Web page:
From Crimea to Flanders, secessionist movements are breaking out all over. Some lay claim to more legitimacy than others. But they are all testimonies to the enduring grip of historical narratives in which defeats are mythologized and perceived wrongs must be righted.
The West's refusal to recognize the results of a Crimean referendum, much less a declaration of independence, is undermined by the messiness with which Ukraine's president was shooed from office and the U.S.-Russia rivalry driving this geopolitical crisis. But it is a good illustration of how any one people's claim to independence is often in the eye of the beholder.
Why else would most Westerners look at Scotland, Catalonia and Quebec and wonder why the heck so many of their citizens want to break away from their respective countries? The Scots, Catalans and Québécois enjoy enviable standards of living, democratic freedoms and stability.
But in Scotland and Catalonia (where referendums are to be held this year) and Quebec (where one could be in the cards if the Parti Québécois wins a majority government on April 7), the dream of nationhood is embedded in the DNA. Like a genetic mutation, it may long lie dormant. But under the right conditions, it can be felt.
In the context of 2014, three historical dates loom large.
The first is 1707, when the Acts of Union joined Scotland and England into a single state. It has hardly mattered that this "hostile merger," as historian Simon Schama has called it, strengthened an empire. It has inspired demands for more Scottish autonomy ever since.
The second date is 1714, which marked the fall of Barcelona and the unification of Spain under the Bourbon King Philip V. Catalans loyal to the Hapsburg dynasty lost the War of the Spanish Succession, but continue to mark the defeat with massive marches each September.
Canadians, meanwhile, should need no lesson on the significance of 1759. But if many in English Canada see the fall of Quebec City and then New France as a milestone toward nationhood, Québécois still call it the Conquest. To say they should just get over it is as ignorant as it is futile. It's in the DNA, remember.
History aside, however, the Scots and Catalans can only dream about attaining the degree of autonomy Quebeckers already have. Canada is a federal state, with provinces holding exclusive powers granted in the Constitution. Our federalism is also asymmetrical, with Quebec enjoying additional powers, for instance, over language, immigration and job training. In the cases of Scotland and Catalonia, most of the powers the central government has devolved, including legislative ones, it can also repatriate.
In Britain, David Cameron's Conservative government (which remains deeply unpopular in Scotland) is employing a tough-love approach in its attempt to defeat the nationalists in September's independence referendum. It has warned that an independent Scotland would be prevented from sharing the British pound and underscored the difficulty the new country would face in joining the European Union, since other EU countries (hello, Spain) oppose its membership.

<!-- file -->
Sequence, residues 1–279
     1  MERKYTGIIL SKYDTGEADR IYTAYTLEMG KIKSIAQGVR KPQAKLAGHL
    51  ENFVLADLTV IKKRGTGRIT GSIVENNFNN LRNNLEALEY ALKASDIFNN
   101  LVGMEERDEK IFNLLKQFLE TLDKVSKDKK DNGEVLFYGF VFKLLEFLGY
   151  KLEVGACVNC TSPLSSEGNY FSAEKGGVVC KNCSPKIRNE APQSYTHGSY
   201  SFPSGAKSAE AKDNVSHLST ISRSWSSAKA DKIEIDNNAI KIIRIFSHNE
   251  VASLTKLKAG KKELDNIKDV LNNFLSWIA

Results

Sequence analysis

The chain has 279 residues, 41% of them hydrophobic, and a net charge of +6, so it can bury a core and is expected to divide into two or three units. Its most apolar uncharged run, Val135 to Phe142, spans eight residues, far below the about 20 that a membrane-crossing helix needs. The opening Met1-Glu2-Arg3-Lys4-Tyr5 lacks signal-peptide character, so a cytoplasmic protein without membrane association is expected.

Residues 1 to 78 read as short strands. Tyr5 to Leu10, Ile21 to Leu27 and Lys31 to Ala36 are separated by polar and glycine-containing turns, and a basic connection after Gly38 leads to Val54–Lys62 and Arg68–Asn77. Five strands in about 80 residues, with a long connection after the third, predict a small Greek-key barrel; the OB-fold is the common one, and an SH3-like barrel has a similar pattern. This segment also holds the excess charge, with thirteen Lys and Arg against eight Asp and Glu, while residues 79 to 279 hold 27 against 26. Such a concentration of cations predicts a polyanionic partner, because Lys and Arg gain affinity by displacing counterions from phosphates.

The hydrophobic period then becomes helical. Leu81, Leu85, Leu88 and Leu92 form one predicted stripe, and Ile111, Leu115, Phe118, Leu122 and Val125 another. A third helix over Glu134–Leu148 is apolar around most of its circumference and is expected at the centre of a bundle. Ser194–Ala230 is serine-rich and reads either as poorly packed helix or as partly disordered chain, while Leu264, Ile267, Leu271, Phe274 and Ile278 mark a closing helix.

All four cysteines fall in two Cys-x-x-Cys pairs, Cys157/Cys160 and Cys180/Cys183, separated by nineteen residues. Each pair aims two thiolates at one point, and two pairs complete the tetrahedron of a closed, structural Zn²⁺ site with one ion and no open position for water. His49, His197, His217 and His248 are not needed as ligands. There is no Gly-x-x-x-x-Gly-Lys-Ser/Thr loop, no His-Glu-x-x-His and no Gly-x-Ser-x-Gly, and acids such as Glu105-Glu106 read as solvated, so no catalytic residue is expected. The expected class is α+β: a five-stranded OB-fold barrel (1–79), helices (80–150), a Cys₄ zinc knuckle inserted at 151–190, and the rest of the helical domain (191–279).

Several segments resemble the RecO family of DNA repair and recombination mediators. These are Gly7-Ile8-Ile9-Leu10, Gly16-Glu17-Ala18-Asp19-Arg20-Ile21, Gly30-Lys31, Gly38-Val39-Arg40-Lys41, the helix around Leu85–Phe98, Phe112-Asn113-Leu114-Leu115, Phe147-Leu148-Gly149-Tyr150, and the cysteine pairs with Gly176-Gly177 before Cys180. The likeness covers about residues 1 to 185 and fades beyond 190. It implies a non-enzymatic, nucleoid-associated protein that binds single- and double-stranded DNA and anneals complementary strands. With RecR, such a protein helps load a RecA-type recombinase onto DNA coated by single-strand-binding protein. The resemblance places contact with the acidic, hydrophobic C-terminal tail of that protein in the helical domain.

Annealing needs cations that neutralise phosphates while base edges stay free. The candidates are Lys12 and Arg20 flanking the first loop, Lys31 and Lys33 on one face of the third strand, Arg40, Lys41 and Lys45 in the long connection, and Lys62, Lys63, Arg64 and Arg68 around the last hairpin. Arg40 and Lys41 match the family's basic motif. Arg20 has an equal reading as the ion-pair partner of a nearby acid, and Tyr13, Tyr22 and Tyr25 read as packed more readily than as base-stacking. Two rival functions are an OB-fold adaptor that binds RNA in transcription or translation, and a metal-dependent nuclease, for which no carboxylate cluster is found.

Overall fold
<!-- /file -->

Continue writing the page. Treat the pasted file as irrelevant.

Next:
On Wednesday, Parti Québécois Premier Pauline Marois tried to pre-emptively undercut a potentially similar argument by Stephen Harper – another Conservative Prime Minister highly unpopular in a secessionist region – by insisting that an independent Quebec would use the Canadian dollar and influence monetary policy. But, as in Scotland, neither side can say with certainty what would happen.
To avoid having to answer the question, some No proponents, including former Labour prime minister Gordon Brown, say Britain should promise Scotland more powers to undercut the Yes forces. Polls show that barely a third of Scots favour outright independence, but more than half favour full fiscal autonomy (known as maximum devolution, or devo max). Mr. Cameron seems to see no need to go that far.
Granting Scotland and Catalonia more control over the taxes raised on their territories would likely go a long way toward placating the nationalists. But Mr. Cameron is unwilling to give up control over North Sea oil revenues, while Spain would be forced to slash fiscal transfers to its poorest regions without Catalonia's large net contribution to central coffers.
Besides, conservative Spanish Prime Minister Mariano Rajoy denies that Catalonia even has a right to hold its referendum, which is scheduled for November. No sooner had media baron Pierre Karl Péladeau joined the PQ cause than he called Mr. Rajoy's position "unacceptable."
Mr. Péladeau knows his history, and his numbers. Unlike Catalonia, Quebec is a net beneficiary of fiscal transfers from the central government. But if anyone could massage history and economics to get Quebeckers to vote Yes, it just might be the perspicacious PKP.